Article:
Estimating burrow volume and excavation rate of pocket gophers (Geomyidae) Academic Article uri icon


  • Burrowing animals fundamentally influence the character of soils, ecosystem function, erosion, and soil management for food production and hazardous wastes. Perhaps the most important indicator of their potential impacts is the average void space created for burrow construction and maintenance per unit area per unit time. We integrated published estimates of burrow volume (m3) and excavation rates (m3 ha-1 year-1) of pocket gophers (Rodentia: Geomyidae) to assess their reliability in assessment of impacts and whether these variables are scale-dependent. Estimates were difficult to interpret and compare because research goals, assumptions, and methods varied considerably among studies, as did site conditions and reporting of results. Volume of burrows made by various species of pocket gophers averaged 0.68 m3, and averages differed significantly between species. Rate of excavation averaged 18 m3 ha-1 year-1 for Geomyidae, and it declined with increasing spatial extent of study area used to make the estimates. Counts of mounds produced the largest estimates of burrow volume and excavation rate, and injection of polyurethane foam into burrows produced low estimates. High variation in estimated rates of burrow excavation indicates the need for further research to characterize magnitude and types of impacts gophers have on natural and managed ecosystems.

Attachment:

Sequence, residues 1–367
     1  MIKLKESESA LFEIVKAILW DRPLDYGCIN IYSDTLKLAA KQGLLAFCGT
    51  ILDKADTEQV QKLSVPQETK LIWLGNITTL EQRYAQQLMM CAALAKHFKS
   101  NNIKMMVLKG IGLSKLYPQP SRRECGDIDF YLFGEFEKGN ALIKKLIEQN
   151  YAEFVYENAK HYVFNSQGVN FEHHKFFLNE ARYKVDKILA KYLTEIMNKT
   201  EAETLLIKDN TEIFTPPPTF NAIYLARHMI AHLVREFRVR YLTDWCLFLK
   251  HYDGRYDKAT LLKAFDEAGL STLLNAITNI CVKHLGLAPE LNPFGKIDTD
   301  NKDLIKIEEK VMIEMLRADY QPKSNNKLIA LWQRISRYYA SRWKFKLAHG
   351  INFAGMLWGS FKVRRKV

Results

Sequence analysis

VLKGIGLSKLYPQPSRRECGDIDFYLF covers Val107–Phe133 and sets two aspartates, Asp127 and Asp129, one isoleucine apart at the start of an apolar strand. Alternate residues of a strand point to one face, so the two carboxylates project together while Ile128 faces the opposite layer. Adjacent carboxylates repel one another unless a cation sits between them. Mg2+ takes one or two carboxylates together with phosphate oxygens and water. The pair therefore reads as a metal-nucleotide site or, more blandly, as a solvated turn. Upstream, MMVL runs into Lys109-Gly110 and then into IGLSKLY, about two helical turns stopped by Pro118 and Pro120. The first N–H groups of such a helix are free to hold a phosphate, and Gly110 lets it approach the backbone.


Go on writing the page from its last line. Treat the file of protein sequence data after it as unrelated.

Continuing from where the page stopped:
published proceedings

  • Southwestern Naturalist

author list (cited authors)

  • Smallwood, K. S., & Morrison, M. L.

complete list of authors

  • Smallwood, KS||Morrison, ML

publication date

  • June 1999